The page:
What is a green screen and how does it work?

What is a green screen and how does it work?

In or out of this world, films are with a green screen.

Green screen video shoots are used for creating live-motion projects involving customised backgrounds or for compositing in special effects worthy of Hollywood. When you are in finding background or even hard to access location green screen comes to you.

Why to use a green background? As it doesn’t match any natural skin tone or hair colour, so it’s easy to remove without grabbing parts of the person in the foreground. Then, by digitally removing or “keying out” that colour, you can drop that scene on the background of your choice in post-production. Removing the coloured background is also known as “chroma keying.”But if you’re trying to match a lower-light background or you need to have a green prop in your project, a blue screen works best.

What Is A Green Screen And How Does It Work
                              What Is A Green Screen And How Does It Work

What is a green screen and how does it work?

What is chroma keying?

It is the process of isolating a single color or brightness value in a computerized image and using software to make that value transparent, allowing another image to overlap that affected areas. Color keying, or chromakeying, which identifies a specific color to remove.


  • Makeup use.
    • Actors can look pastel and feeble against a green background. You might need some makeup adjustments.
  • Non green or reflective surfaces.
    • No subject hold or wear anything green or else the areas will be transparent once are chroma-keyed.
    • No-no reflective materials are also. Shiny objects will pick up the green and will also be rendered transparent. Very small jewelry is usually okay with it.
  • Allow depth.
    •  Back up the camera to get full figure shot plus a good separation between the subject and the green screen usually at least 6 feet for a your actors shot.
    • Depending on the lens, you’ll generally need 24-30 feet depth for a full-length shot that doesn’t shoot off the edges of the background.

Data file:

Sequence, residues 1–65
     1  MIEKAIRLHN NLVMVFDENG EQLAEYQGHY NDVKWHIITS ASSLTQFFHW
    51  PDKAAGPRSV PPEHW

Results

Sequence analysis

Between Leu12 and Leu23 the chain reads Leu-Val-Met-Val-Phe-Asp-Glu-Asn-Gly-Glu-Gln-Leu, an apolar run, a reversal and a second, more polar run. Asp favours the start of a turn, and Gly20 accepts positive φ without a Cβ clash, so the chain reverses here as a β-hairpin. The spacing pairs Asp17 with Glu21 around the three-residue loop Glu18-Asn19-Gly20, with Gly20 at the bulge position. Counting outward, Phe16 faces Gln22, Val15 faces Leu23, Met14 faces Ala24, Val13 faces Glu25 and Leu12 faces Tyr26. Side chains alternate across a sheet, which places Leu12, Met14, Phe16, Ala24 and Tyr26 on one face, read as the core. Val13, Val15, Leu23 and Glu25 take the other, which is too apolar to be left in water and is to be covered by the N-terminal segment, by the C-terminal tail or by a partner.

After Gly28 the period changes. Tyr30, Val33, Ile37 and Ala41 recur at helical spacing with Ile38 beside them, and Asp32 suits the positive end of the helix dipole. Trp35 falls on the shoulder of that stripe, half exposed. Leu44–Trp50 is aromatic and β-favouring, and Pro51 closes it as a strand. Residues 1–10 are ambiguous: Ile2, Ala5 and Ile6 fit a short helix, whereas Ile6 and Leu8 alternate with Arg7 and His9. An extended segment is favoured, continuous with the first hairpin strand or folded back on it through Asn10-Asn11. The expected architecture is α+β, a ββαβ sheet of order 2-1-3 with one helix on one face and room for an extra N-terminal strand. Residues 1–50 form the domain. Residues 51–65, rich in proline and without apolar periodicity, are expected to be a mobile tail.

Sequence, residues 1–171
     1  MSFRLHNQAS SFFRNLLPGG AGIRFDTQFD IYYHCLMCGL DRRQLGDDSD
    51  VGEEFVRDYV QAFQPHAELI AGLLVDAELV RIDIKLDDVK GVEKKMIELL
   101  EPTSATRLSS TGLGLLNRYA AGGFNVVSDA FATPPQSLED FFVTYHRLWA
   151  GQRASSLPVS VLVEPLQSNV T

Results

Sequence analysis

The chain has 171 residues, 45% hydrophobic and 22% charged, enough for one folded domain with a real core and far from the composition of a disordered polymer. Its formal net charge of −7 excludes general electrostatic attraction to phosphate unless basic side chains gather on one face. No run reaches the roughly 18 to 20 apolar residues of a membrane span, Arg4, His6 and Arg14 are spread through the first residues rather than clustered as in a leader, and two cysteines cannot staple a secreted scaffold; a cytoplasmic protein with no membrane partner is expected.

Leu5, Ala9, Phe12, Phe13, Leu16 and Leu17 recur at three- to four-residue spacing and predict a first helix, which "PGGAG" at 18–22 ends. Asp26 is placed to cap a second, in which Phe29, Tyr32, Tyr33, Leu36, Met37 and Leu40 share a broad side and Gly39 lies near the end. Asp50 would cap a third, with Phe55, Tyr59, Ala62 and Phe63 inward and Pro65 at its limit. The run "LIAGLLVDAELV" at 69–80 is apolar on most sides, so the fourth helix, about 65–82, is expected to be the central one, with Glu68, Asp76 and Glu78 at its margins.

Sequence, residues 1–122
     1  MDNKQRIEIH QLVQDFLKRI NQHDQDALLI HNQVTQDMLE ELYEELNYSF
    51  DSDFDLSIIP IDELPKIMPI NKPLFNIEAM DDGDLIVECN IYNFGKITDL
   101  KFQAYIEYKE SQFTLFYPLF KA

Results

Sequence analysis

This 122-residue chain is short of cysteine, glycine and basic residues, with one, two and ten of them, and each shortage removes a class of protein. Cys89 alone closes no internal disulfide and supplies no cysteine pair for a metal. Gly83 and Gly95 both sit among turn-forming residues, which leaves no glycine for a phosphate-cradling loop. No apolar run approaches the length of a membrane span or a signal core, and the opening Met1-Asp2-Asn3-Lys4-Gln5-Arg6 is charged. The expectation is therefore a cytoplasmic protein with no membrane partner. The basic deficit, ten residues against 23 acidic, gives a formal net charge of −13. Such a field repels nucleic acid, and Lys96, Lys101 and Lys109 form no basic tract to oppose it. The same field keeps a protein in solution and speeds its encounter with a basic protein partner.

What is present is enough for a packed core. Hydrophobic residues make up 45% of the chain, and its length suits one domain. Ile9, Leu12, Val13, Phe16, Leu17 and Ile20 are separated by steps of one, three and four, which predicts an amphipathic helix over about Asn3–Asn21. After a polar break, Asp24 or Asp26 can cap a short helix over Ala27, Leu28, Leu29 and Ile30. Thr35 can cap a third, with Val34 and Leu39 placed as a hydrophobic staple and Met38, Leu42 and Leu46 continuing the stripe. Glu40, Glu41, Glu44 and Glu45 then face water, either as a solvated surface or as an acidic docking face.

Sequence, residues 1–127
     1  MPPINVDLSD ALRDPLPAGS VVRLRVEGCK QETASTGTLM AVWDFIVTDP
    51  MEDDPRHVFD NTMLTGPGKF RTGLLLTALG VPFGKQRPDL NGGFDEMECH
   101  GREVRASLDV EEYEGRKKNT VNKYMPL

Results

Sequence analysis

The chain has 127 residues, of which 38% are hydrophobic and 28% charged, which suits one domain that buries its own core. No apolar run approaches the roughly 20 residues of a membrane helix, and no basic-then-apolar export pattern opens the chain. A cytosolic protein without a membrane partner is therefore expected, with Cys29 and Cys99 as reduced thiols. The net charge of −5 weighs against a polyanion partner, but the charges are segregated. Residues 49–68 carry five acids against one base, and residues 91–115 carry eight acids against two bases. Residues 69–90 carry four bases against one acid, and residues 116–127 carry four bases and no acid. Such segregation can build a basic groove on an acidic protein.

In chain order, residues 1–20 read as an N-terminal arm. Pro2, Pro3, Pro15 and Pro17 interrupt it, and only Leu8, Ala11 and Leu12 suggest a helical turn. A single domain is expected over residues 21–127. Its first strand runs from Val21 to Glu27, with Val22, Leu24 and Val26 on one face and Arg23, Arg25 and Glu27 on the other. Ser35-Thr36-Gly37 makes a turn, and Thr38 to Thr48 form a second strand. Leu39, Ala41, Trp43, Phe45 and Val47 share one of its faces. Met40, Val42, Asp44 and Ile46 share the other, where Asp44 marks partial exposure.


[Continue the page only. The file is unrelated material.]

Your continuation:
• Use a coved green screen.
    • To show your subject from top to bottom, the green screen has to continue down the wall and onto the floor under their feet.
    • A cove will smooth out the transition from wall to floor, which avoid shadows and hard lines that cause gradient changes in the green background.
  • Light evenly and softly. 
    • Light the green screen as fluently as possible to give an even texture and gradient. The more even the lighting is, the better and easier it’ll be to manipulate the material.
    • Keep the green screen itself as clean and smooth to maintain a consistent colour range. If the screen is fabric, make sure that they don’t have any wrinkles. If painted, make a smooth painting on hand to touch up any scuffs and scratches.
  • Light separately.
    • The green background should be put separately from the subject to avoid:
      1. casting shadows on the background
      2. A green tone bouncing off the subject, which will cause problems when removing the background.
    • At least 6 feet separation between background and subject.
  • Keep the camera still.
    • Lock the camera so that the subject not looks like its vibrating or bouncing against the background when the camera moves even little.
    • Your subject will look like its shrinking or growing in relation to the background, while zooming.
  • Use Chroma Key software. 
    • Software based on the shots needed the editing system, budget, and user experience. Your choice for Chroma Key software will essentially depend on the type of shot required.
    • On internet there’s free, user-friendly software for simpler shots, but they probably won’t be able to pull off the more sophisticated affects you see in feature films.

Avatar Studio have good Green Screen Rental in Bangalore

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